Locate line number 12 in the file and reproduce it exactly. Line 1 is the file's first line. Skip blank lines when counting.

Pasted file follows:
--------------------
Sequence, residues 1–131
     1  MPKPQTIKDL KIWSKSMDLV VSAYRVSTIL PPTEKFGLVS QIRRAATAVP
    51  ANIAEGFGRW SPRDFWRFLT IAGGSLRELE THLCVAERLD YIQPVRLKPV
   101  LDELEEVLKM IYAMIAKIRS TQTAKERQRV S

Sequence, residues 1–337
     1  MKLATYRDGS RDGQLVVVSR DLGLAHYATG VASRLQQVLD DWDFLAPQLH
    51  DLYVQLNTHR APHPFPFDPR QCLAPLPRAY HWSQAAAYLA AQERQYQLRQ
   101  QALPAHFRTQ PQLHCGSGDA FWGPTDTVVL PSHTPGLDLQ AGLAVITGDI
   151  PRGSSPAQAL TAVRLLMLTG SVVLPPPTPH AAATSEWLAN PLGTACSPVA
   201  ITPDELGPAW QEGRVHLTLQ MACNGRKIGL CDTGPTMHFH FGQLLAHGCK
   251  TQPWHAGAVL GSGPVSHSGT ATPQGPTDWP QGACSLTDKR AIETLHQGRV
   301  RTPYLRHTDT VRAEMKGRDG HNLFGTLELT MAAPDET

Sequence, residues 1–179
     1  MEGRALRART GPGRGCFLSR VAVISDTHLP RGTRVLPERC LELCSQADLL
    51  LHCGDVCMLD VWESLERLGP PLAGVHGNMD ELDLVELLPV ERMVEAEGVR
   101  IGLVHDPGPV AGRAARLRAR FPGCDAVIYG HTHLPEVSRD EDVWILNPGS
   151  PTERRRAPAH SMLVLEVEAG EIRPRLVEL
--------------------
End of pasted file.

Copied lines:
   301  RTPYLRHTDT VRAEMKGRDG HNLFGTLELT MAAPDET